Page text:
What Is Probate?
Probate is a legal process through which the assets of someone who has passed away (known as the decedent) are distributed to the heirs. Under California law, probate is required if someone dies without a will and has an estate worth more than $184,500 (that figure can change with time). It’s also required for decedents who had a will with property that is subject to probate. Because probate is a process that goes through the courts, it can take time and cost significant sums of money, two things the heirs would likely prefer not to use. It’s vital to understand that there are exemptions to what’s required to go through probate and methods of estate planning that can help bypass it.
What Is Exempt from Probate in California?
California law specifies several assets that are considered non-probate property, including the following.
- Assets below the current value threshold of $184,500.
- Assets owned jointly by spouses and designated as “community property with right of survivorship.”
- Assets owned jointly by the decedent and another person (as long as the decedent passes away before the other person).
- Any assets (such as bank accounts and life insurance policies) that list a beneficiary as payable on death (POD) or transfer on death (TOD).
- Assets held in the decedent’s living trust (more on this below).
What Is Usually Subject to Probate in California?
Generally, any property owned solely by the decedent (including items listed above) that was not transferred to a trust or designated as a POD or TOD. This can also include jewelry, artwork, and intellectual property.
One area that will have to go through probate regardless is assigning a guardian to a minor child orphaned by the decedent’s death. If there’s a will that specifies who should be the guardian, that will need to be approved by probate. If there is no will or the will doesn’t name a guardian, the probate court is responsible for designating one.
What Is a Revocable Living Trust, and How Does it Help Avoid Probate?
A revocable living trust is an estate planning tool that allows the estate’s owner to place assets into the trust’s ownership. The trust is managed by a trustee, which can be the estate’s owner or someone else of their choice. The estate’s owner can change or revoke the trust at any time in their life, as long as they’re deemed mentally competent.
The trust dictates who the beneficiaries will be once the estate’s owner passes away. This may sound similar to drawing up a will, but a will often ends up in probate, while a trust bypasses it altogether. This allows the distribution of the trust’s assets to be settled more quickly and at a significant savings and lower cost than going through probate court.
What Is Required to Set up a Revocable Living Trust?
This type of trust requires a creator (also known as a grantor), which is the person who puts their estate assets into the trust. It requires a trustee to manage the trust assets, and it requires that a beneficiary or beneficiaries be named to inherit the trust’s assets on the grantor’s death.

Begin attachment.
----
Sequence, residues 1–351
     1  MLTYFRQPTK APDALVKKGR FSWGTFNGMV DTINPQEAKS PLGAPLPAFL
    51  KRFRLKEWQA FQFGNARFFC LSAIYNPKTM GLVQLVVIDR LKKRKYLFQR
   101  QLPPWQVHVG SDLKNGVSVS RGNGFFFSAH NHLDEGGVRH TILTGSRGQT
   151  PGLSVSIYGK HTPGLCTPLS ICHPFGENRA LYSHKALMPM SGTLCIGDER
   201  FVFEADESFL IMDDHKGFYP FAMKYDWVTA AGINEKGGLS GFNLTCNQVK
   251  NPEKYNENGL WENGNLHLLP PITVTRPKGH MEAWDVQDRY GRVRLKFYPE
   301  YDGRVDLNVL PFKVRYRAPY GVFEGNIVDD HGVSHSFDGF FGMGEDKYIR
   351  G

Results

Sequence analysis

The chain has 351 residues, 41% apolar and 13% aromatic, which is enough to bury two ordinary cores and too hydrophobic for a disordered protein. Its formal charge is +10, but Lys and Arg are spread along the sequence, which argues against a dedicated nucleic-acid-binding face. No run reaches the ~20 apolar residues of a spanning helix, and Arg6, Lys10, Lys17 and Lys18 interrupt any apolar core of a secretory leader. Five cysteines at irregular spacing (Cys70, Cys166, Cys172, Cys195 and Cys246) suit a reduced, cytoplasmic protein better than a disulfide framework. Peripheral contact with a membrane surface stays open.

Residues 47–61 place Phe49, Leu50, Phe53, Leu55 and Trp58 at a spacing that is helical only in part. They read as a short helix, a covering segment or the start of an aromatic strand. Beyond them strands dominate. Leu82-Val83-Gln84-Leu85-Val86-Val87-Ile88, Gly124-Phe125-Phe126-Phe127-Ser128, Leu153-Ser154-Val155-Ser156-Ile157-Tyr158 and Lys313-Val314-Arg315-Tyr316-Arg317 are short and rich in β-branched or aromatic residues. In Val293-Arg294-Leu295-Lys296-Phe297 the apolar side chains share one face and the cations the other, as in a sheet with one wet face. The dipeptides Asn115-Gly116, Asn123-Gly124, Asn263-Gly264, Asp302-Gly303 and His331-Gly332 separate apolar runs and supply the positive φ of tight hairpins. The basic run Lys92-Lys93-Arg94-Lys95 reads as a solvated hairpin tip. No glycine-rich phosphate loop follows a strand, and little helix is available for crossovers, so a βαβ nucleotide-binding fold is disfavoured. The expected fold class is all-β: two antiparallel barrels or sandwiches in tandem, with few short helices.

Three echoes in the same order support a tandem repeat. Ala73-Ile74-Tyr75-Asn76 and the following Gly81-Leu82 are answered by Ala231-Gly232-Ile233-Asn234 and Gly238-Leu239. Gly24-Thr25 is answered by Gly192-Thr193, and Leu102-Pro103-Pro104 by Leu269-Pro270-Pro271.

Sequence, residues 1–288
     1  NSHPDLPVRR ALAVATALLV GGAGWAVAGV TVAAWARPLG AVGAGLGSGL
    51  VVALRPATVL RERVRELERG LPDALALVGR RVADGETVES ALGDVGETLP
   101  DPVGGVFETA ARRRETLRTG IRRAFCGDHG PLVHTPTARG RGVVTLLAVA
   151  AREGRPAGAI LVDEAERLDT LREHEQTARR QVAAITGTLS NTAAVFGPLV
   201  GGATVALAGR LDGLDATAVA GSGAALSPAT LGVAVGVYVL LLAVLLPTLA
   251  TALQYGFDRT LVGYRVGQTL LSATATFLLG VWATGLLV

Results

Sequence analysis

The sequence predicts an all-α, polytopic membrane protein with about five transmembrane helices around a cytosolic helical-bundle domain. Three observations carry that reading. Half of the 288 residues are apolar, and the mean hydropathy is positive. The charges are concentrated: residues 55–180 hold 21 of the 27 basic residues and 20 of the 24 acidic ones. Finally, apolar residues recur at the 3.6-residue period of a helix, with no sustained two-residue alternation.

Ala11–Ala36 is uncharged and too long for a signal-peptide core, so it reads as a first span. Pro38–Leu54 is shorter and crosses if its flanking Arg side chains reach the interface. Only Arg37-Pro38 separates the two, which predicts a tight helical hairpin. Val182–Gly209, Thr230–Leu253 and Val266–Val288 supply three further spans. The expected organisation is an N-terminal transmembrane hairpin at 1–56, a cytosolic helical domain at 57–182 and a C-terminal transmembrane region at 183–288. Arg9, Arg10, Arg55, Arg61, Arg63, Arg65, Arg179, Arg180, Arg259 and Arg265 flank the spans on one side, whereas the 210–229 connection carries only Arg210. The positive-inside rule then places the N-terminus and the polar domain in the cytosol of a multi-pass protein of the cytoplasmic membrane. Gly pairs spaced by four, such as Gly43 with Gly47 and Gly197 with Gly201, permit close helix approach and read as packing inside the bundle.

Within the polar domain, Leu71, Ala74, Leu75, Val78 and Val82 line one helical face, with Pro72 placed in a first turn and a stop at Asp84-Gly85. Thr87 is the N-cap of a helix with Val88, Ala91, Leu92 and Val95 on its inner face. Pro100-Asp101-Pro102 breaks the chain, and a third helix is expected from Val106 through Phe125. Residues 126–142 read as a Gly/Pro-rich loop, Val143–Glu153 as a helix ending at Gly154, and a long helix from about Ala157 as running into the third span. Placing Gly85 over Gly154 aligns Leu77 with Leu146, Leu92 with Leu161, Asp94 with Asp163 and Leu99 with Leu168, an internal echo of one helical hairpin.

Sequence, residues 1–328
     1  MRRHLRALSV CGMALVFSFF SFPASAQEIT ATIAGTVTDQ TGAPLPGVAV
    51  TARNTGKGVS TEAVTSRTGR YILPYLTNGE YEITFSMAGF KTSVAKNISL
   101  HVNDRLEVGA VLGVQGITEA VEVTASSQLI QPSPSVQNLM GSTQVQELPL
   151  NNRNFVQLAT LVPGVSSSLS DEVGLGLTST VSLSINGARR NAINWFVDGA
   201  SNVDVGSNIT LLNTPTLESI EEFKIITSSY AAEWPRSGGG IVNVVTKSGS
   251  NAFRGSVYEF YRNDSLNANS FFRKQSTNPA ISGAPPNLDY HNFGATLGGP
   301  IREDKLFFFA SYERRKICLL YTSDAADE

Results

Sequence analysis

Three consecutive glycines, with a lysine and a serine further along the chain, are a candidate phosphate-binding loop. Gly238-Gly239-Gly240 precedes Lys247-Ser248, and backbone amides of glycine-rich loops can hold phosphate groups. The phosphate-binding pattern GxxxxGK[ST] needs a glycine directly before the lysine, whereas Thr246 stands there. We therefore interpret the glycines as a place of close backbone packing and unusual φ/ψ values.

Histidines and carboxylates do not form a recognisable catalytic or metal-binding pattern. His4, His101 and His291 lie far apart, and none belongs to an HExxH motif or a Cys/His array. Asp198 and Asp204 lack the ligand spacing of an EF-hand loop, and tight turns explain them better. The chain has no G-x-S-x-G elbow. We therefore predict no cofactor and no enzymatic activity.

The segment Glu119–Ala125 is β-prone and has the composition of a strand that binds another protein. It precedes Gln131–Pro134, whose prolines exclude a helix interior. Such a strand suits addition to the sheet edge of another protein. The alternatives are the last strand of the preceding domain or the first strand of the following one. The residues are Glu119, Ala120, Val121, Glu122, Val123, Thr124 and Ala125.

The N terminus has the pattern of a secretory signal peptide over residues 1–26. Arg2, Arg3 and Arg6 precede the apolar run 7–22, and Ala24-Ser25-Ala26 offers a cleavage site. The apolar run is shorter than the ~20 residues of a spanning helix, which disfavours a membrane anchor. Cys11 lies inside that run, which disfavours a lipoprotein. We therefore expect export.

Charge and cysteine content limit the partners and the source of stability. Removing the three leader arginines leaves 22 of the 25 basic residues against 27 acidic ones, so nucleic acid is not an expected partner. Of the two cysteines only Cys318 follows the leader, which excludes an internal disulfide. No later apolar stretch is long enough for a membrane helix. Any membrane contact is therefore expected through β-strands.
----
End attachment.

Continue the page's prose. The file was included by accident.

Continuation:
It’s important to know that the trustee is not allowed to manage the assets in the trust for their own personal benefit. They must manage the assets in the beneficiaries’ best interests.
Often, people assume trusts offer tax benefits. Some may, but revocable living trusts usually do not.
It’s also important to understand that this type of trust does not provide asset protection. That means the assets in the trust could be subject to claims from creditors. If this is a potential concern for your estate, it’s highly recommended that you work with an experienced asset protection attorney to tailor your estate plan with that in mind.
Are There Other Types of Trusts That Help Avoid Probate?
There are several with varying restrictions and goals. These are two popular choices.
- Irrevocable living trust. This is essentially a living trust that, once it’s finalized, cannot be changed. The grantor cannot change or revoke it. It’s exceedingly rare that legal exceptions are made once the assets are moved into the trust’s ownership. However, it has some benefits that the revocable living trust doesn’t. It may have tax benefits for the inheritors, and it’s not subject to creditors’ claims. For that reason, it’s also a valuable option for someone whose career might make them more prone to lawsuits.
- Special needs trust. If there’s a family member with special needs, the grantor can set up a trust that will provide assets managed by a trustee on behalf of the special needs person. This is especially useful if the beneficiary is unable to manage their own finances. It’s also valuable in that assets in this type of trust aren’t considered to be under the beneficiary’s control. Then, the beneficiary can remain eligible for various government benefits, including Social Security or Medicaid, as the assets won’t be taken into account when determining their need and eligibility.
What Should I Do if I Need Help Setting Up an Estate Plan that Can Avoid Probate as Much as Possible?
Call Cava & Faulkner at 916-685-1225 for a free consultation. Our team of knowledgeable, experienced estate planning attorneys knows that you want to do everything possible to transfer your estate to your designated heirs in the easiest way possible while avoiding unnecessary public exposure. We can walk you through the specifics of your estate and explain the various options available that can help reduce the need for probate.